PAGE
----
Wednesday 18 September 2019

Planning board rejected almost a third of 'fast-track' proposals in 2018

Eoghan Murphy introduced the system in 2017. Photo: Collins
Eoghan Murphy introduced the system in 2017. Photo: Collins

Michael Cogley

An Bord Pleanála turned down almost a third of all planning applications filed through the fast-track system last year, new figures show.

Housing Minister Eoghan Murphy introduced the system for strategic housing development (SHD) legislation in 2017.

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Under the rules, developers building out sites with 100 or more housing units, or 200-plus student units, or shared living beds, can apply for planning straight from An Bord Pleanála. The planning board is required to deliver a ruling on any such proposed plans within 16 weeks.

The planning body received 97 valid requests for pre-application consultation relating to large-scale developments last year, according to the Department of Housing's annual report. Of those 97, it offered opinions on 63, with the remainder issued in 2019.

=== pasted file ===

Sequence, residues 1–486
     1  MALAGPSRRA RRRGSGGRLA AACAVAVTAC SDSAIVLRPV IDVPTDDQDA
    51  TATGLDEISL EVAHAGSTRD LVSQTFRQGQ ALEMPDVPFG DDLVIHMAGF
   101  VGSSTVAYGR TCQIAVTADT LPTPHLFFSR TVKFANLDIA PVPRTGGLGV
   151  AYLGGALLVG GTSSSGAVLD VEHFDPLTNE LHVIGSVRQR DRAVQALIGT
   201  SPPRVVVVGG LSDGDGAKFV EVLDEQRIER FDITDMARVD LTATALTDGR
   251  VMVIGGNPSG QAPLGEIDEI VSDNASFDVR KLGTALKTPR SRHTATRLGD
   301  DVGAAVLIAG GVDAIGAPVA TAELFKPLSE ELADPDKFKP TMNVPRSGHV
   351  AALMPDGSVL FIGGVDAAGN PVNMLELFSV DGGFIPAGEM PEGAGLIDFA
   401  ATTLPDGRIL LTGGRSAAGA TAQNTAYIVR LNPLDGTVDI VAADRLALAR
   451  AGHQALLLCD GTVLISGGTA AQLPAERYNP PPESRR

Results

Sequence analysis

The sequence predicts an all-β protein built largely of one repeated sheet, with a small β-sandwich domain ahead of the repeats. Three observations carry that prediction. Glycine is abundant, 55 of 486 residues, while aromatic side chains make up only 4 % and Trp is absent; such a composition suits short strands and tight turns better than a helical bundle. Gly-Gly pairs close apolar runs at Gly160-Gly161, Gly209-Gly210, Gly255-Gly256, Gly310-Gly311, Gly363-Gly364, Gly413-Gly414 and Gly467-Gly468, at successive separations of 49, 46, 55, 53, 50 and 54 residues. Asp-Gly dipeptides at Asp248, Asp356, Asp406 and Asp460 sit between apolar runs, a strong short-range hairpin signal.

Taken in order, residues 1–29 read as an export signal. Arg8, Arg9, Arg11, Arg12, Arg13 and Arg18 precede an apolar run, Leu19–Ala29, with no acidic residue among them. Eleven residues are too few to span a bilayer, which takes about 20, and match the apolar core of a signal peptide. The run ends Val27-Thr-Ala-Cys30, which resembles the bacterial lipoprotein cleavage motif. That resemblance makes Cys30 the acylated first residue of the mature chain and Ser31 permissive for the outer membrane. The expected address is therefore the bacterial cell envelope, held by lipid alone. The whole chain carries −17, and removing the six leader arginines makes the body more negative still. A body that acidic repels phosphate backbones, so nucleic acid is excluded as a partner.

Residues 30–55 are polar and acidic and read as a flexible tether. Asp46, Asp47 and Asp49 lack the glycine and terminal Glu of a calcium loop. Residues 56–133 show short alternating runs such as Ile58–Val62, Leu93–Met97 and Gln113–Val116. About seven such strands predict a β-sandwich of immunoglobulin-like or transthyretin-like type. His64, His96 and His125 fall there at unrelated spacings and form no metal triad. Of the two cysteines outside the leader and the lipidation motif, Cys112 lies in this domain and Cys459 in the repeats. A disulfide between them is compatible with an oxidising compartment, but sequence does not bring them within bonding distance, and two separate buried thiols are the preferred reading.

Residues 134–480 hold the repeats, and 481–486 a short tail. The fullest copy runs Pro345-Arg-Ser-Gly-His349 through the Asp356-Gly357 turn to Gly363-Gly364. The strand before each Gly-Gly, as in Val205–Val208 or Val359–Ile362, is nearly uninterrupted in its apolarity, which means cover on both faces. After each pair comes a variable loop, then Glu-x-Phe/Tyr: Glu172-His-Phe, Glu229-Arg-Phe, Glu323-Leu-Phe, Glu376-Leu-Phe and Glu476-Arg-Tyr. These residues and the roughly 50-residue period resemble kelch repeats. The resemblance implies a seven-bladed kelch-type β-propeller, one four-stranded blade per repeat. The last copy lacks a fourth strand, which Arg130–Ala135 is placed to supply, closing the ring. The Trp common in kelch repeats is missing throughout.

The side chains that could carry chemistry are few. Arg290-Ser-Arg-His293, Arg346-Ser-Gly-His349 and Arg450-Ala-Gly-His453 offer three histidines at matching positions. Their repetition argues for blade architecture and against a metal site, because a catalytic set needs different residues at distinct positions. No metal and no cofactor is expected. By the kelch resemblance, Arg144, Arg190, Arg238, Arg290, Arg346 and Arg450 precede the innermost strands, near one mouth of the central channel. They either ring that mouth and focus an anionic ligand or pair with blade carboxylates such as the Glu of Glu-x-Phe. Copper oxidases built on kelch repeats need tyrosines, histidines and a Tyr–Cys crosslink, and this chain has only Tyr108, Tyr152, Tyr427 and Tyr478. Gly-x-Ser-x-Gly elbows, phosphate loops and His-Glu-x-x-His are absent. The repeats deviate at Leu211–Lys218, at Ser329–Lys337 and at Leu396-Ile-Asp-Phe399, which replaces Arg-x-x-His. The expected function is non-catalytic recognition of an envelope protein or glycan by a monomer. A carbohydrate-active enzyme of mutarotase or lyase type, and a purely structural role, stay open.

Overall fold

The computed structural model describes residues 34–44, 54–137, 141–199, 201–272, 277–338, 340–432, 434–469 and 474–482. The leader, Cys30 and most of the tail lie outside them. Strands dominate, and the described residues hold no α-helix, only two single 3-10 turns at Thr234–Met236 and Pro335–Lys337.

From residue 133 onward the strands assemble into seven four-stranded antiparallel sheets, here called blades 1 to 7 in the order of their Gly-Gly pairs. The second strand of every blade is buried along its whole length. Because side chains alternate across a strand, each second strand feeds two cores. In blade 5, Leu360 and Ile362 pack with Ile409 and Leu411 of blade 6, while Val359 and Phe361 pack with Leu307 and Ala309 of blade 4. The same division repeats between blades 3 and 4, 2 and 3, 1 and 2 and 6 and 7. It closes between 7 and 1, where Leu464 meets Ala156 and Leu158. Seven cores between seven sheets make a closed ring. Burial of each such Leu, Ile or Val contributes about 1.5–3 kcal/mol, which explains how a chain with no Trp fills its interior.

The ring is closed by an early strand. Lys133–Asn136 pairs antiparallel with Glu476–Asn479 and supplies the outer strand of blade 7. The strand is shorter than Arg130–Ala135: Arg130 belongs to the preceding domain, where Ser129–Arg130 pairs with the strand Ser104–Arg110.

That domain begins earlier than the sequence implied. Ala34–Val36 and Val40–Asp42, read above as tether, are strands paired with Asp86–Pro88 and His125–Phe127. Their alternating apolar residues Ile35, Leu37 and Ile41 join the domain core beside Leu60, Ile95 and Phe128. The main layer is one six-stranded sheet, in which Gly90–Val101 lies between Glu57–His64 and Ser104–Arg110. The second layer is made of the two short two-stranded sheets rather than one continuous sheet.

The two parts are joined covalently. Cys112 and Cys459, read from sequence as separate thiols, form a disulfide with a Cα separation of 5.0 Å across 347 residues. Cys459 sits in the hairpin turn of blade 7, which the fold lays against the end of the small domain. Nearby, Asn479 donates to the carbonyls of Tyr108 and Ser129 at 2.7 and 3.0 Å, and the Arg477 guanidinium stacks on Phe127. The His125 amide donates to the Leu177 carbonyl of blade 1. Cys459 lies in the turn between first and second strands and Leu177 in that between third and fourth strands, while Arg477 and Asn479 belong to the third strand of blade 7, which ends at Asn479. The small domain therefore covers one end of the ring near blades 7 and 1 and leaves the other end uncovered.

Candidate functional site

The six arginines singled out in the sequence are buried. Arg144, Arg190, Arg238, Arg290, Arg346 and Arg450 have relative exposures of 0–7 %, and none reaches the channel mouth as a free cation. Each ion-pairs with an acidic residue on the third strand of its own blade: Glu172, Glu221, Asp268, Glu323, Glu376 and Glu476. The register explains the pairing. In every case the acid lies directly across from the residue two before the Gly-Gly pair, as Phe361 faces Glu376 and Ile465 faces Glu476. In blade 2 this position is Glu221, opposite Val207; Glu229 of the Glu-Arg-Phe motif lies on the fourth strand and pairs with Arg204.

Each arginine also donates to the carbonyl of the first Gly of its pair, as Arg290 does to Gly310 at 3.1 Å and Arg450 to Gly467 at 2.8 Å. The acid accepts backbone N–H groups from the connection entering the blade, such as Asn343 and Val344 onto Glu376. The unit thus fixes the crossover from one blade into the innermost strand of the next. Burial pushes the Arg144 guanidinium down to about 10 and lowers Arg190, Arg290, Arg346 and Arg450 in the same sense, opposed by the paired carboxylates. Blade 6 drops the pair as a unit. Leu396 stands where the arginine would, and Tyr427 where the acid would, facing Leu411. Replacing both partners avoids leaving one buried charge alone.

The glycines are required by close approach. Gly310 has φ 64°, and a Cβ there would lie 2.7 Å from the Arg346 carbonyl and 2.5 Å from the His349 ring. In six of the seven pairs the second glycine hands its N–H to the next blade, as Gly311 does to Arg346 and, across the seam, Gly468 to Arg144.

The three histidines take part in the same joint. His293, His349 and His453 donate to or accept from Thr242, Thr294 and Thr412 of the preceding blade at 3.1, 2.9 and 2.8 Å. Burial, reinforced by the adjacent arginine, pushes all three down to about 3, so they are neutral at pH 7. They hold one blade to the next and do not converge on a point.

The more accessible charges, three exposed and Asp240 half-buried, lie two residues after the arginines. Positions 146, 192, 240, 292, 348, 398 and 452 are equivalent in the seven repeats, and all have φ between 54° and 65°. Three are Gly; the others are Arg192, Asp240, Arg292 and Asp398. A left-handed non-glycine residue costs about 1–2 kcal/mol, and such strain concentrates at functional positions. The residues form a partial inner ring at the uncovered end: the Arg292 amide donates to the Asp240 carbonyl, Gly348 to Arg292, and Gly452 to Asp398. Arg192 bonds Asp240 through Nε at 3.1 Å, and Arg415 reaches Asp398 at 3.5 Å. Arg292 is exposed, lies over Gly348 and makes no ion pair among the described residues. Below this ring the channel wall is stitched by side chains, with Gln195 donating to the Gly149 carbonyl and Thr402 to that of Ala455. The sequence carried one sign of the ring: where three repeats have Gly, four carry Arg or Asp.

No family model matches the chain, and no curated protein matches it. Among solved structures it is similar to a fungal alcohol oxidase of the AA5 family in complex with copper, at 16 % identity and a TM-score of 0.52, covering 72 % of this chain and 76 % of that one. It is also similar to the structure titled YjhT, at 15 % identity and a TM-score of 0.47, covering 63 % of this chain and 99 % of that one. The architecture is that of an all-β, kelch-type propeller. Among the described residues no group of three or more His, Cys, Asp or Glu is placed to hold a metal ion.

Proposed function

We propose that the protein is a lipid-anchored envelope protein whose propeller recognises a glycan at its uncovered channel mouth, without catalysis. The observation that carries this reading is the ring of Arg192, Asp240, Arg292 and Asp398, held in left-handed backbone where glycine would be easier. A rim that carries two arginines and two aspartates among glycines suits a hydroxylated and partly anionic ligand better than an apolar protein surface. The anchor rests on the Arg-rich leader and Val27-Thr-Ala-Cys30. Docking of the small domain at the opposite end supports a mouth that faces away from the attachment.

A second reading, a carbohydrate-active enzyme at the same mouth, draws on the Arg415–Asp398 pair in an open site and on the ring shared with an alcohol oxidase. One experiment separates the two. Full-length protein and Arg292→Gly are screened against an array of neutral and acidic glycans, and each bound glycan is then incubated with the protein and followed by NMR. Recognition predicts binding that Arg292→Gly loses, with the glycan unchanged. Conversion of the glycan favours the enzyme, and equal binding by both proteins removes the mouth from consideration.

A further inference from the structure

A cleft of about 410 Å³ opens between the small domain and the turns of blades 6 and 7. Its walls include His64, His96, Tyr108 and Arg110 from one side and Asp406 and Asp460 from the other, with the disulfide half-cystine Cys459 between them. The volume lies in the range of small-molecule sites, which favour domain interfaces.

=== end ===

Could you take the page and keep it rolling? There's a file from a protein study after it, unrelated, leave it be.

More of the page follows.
A total of 39 actual applications for SHD permission were submitted throughout 2018 and, of those, permission was granted to 27 proposals.

The granted proposals have the potential to deliver 7,102 homes, made up of 3,284 houses and 3,818 apartments. A further 4,479 student beds were approved.

The fast-track system is currently under review. The present rules apply up until the end of the year, while Murphy has the option to extend them for a further two years, bringing the scheme in line with the conclusion of Rebuilding Ireland.

The Department of Housing has opened a consultation on the fast-track system and invited submissions from "relevant stakeholders, including the general public".

While the SHD legislation was introduced to speed up the delivery of large developments, some cases have been dogged by objections and overturned in judicial reviews.

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